EAST PALO ALTO -- Cars lined up on both sides of University Avenue, snarling traffic in this city for hours Saturday as drivers queued up at City Hall to unload what added up to an arsenal of nearly 400 firearms -- everything from old hunting shotguns to military-style assault weapons fitted with high-capacity "banana" clips and silencers.
It took less than three hours for $52,000 in privately donated cash to disappear in a flurry of parking lot transactions with cops from East Palo Alto, Palo Alto and Menlo Park. The purchased guns filled a police trailer and are now headed for destruction.
"I think it was a huge success," said Roger Lee, 41, a Palo Alto father of three young children who works in venture capital and founded the nonprofit Protect Our Children to raise money for the gun buyback. "I feel our community is safer as a result."
Lee was inspired to organize a gun buyback by the Dec. 14 massacre of 20 children and six educators at Sandy Hook Elementary School in Newtown, Conn. The deranged young gunman used his mother's Bushmaster assault rifle to murder her before attacking the school, where he later killed himself in an orgy of violence that shocked the nation and reignited the debate over gun control.
"I was horrified by what happened that day," said Lee, whose children, ages 8, 6 and 3, are close in age to the Newtown victims. He felt the best he could do to honor the lives lost in Newtown was to "remove as many guns
Lee put out feelers and quickly teamed up with another Palo Alto man, James Cook, who works in the solar power industry and is the father of a fifth-grader. Together, they raised the $52,000 in six weeks from more than 100 donors in Palo Alto and Menlo Park.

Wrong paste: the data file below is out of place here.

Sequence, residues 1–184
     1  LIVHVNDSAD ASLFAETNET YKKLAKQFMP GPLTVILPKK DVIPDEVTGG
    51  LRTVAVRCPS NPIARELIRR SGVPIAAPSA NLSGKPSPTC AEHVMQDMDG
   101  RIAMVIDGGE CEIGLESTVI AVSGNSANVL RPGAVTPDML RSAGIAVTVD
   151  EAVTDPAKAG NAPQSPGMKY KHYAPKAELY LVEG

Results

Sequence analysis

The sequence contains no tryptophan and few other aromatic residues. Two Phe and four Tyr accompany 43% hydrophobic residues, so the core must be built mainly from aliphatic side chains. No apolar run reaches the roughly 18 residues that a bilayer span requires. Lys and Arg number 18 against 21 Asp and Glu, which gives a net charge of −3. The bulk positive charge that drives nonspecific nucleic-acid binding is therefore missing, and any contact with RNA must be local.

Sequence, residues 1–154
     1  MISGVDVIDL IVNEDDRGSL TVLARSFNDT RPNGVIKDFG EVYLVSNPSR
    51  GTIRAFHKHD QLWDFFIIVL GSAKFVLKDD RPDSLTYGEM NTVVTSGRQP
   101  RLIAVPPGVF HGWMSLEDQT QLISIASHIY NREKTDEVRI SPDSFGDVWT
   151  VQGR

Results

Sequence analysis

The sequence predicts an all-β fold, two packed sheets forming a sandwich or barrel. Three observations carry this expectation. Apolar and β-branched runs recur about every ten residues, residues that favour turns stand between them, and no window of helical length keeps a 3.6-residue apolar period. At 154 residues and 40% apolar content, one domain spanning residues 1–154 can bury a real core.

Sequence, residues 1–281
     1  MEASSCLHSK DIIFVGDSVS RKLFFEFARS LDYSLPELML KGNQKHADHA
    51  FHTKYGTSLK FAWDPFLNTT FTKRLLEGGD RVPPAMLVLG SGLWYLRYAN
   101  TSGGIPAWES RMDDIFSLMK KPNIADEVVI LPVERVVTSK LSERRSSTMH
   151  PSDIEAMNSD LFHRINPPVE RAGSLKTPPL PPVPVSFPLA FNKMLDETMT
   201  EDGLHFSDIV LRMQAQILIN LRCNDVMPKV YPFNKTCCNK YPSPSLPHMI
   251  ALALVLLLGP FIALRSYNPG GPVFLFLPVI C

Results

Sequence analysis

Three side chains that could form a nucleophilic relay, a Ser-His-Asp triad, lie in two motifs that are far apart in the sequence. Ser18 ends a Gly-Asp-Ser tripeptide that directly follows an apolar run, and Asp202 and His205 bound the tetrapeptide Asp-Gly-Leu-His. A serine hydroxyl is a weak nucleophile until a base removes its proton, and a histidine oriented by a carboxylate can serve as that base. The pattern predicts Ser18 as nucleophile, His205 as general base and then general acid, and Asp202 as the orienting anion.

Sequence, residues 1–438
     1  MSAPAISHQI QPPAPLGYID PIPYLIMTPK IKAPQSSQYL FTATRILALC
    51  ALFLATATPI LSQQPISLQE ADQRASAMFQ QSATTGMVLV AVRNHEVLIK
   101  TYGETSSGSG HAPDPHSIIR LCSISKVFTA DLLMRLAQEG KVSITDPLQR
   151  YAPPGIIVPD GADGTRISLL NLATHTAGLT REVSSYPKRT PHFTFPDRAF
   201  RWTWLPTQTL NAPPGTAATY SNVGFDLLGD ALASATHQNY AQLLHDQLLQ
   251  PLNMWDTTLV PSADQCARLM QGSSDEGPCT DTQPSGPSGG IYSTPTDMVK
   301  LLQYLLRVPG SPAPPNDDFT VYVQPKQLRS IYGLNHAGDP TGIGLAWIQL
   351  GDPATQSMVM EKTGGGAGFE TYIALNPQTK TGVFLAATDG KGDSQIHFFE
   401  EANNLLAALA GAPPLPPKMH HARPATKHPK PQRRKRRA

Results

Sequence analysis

"It really struck a nerve," said Lee, who has received inquiries about starting similar programs from Santa Cruz to Connecticut. "People care about this issue."
Indeed, a simultaneous rally protesting gun violence in front of Palo Alto City Hall drew a crowd of about 75 people. Cook spoke to the group before joining the gun-buyback down the road in neighboring East Palo Alto.
"We know for a fact that this is effective just by taking guns off the street," Cook said.
Also speaking was Mindy Finkelstein, 30, of Berkeley, who was among five people wounded in an August 1999 shooting at the North Valley Jewish Community Center in Los Angeles by a white supremacist wielding an assault weapon. He also killed a postal worker.
"There are ways to protect your family from gun violence," Finkelstein said. "And today's gun buyback in East Palo Alto is one example."
Andre Fontenot, 53, an avid duck hunter from San Bruno, was eager to shrink his stockpile of shotguns and reduce any possible threat to his three children, ages 16, 14 and 4. He felt the $200 each they offered for the seven rifles and shotguns he brought was a decent price.
"I have too many of them around the house, and I wanted to get rid of them, especially with kids around the house," Fontenot said of his gun collection. "I keep them safe. But I'm not really big on collecting things, especially guns. I kept the ones I need to hunt and for home safety, and the rest I turned in today."
Fontenot said he would donate the proceeds from the sale to his duck club.
Organizers said it was the first joint gun buyback involving the three police agencies.
Some folks lurked nearby, hoping to buy guns from those lining up to sell them to the police. But the officers had expected them and threatened them with arrest if they didn't leave.
When the money ran out in the early afternoon, officers told motorists waiting along University Avenue about other upcoming gun buybacks. Those who were already in the City Hall parking lot and in the process of selling their weapons were issued I.O.U.s to be paid by the East Palo Alto Police Department.
Some grumbled, but most seemed to feel it was still all worthwhile.
Despite the three-plus hour wait, Robert Miller, 57, of Redwood City said he was happy to trade in an old shotgun he'd owned since 1975 for a $200 voucher.
"It was time to get rid of it," Miller said. "And the less guns out there being abused, the better."
Contact John Woolfolk at 408-975-9346. Follow him on Twitter at Twitter.com/johnwoolfolk1.